Advanced cathode materials are needed to produce the stable, high current electron beams that are needed for compact, high power, high frequency, vacuum electronic devices. Current state of the art thermionic cathodes require high operating temperatures resulting in inefficient power consumption, poor reliability and reduced lifetimes. Alternatively, field emission (FE) cathodes offer the potential for significant reductions in power and cooling requirements for an operating device. FE cathodes made from carbon nanotube (CNT) fibers and films have demonstrated high emission currents, low turn-on voltages, long lifetimes and offer considerable potential for use as electron sources for vacuum electronic devices .
(CNT) fibers and films were fabricated by direct online condensation from a floating catalyst chemical vapor deposition reactor. Both fiber and film cathodes showed stable emission in the current range of 1–2 mA at cathode temperatures less than 1000°C as measured with an infrared camera during field emission. A compound cathode made from four laser-patterned CNT films stacked together emitted greater than 8 mA of current. A cathode consisting of wound and cut CNT fibers with ~200 exposed cut fiber end emitted >10mA.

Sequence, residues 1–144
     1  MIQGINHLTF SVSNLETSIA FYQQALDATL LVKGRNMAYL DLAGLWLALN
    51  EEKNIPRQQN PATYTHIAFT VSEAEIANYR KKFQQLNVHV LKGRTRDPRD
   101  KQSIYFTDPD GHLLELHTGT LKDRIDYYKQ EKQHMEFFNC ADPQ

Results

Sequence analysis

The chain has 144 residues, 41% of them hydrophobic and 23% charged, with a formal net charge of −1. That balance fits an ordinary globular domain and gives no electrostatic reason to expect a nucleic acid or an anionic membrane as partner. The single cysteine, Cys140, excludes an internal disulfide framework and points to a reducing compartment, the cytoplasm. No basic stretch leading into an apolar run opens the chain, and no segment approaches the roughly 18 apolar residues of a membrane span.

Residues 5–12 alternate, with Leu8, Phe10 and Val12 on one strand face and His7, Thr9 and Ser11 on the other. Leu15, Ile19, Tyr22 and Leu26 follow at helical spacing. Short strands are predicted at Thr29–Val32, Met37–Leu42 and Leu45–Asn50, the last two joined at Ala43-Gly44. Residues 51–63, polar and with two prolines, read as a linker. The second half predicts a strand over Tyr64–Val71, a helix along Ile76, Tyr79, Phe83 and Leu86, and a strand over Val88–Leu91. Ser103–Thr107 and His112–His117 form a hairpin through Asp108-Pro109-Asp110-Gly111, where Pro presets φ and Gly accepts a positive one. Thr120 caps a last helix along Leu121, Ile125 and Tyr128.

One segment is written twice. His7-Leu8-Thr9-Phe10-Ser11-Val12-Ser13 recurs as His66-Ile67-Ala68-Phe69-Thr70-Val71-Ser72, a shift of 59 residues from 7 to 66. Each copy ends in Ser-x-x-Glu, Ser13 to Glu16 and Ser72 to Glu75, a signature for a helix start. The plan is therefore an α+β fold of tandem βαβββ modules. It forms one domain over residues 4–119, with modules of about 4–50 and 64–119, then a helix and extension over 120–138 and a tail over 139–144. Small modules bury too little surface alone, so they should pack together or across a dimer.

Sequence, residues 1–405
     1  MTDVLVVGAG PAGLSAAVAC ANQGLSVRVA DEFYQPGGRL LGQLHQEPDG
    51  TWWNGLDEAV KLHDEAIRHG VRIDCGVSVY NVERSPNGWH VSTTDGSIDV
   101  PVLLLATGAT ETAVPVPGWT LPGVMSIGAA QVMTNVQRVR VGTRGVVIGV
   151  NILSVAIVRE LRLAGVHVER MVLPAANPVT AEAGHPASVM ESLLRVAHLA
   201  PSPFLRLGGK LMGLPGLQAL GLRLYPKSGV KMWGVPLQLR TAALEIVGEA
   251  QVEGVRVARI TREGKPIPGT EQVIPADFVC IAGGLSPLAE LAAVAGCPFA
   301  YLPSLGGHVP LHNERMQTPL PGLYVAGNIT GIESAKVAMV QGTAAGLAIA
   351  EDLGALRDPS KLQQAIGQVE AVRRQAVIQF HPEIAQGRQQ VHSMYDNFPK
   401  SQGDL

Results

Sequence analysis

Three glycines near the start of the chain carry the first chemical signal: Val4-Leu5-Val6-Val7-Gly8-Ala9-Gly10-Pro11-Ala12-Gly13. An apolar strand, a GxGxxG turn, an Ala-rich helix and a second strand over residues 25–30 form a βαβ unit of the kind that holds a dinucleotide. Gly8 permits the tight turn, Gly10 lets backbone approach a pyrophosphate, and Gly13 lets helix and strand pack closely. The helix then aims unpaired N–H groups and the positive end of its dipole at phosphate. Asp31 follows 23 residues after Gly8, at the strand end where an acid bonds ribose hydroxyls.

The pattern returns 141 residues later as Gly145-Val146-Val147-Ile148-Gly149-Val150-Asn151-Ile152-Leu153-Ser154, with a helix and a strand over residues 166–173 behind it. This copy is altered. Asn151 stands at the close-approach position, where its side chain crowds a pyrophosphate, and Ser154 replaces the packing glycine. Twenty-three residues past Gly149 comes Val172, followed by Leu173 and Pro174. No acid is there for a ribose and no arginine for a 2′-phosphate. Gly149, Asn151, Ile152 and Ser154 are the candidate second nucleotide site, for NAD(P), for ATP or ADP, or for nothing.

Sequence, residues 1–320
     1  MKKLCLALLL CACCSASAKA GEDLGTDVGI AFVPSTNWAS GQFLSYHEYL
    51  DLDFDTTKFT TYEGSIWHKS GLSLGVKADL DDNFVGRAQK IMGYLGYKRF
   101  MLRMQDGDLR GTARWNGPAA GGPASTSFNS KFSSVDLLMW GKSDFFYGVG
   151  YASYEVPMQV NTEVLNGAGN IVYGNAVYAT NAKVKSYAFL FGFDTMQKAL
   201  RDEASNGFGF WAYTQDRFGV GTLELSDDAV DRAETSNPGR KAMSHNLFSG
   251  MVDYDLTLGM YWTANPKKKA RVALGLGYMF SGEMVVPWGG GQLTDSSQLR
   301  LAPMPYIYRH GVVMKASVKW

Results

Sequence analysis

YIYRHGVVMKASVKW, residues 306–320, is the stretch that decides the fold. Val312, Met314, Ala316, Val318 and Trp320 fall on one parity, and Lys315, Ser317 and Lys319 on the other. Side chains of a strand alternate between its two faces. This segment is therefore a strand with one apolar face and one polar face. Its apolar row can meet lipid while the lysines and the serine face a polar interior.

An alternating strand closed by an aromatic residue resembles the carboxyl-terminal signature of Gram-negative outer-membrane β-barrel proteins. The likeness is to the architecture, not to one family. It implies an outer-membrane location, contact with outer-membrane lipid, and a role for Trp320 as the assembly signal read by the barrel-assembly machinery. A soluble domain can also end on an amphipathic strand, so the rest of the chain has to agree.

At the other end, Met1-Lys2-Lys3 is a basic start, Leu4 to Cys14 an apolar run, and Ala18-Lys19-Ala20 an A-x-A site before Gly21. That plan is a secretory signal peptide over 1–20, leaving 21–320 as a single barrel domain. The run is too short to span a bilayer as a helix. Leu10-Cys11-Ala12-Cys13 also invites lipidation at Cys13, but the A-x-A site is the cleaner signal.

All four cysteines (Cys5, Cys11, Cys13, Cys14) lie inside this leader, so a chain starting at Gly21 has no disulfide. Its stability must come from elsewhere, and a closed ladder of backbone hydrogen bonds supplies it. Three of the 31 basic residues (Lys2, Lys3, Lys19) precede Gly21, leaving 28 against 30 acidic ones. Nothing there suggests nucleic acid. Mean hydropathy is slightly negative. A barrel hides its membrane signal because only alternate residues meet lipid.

Fowler-Nordheim analysis indicated a change in the morphology of the emitters as the cathode to anode distance was reduced. When field induced self-heating effects became significant, the single fiber cathode stopped emitting abruptly. For CNT films, even though self-heating effects can destroy a portion of the film, FE can still occur from other areas. These materials offer significant potential for use as cold cathodes in vacuum electronic devices.
 Field emission from laser cut CNT fibers and films
S. B. Fairchild, J. S. Bulmer, M. Sparkes, J. Boeckl, M. Cahay, T. Back, P. T. Murray, G. Gruen, M. Lange, N. P. Lockwood, F. Orozco, W. O’Neill, C. Paukner, K. K. Koziol, Journal of Materials Research, 29 (2014) 392.
This work is supported by the Air Force Office of Scientific Research and the European Office Aerospace Research & Development.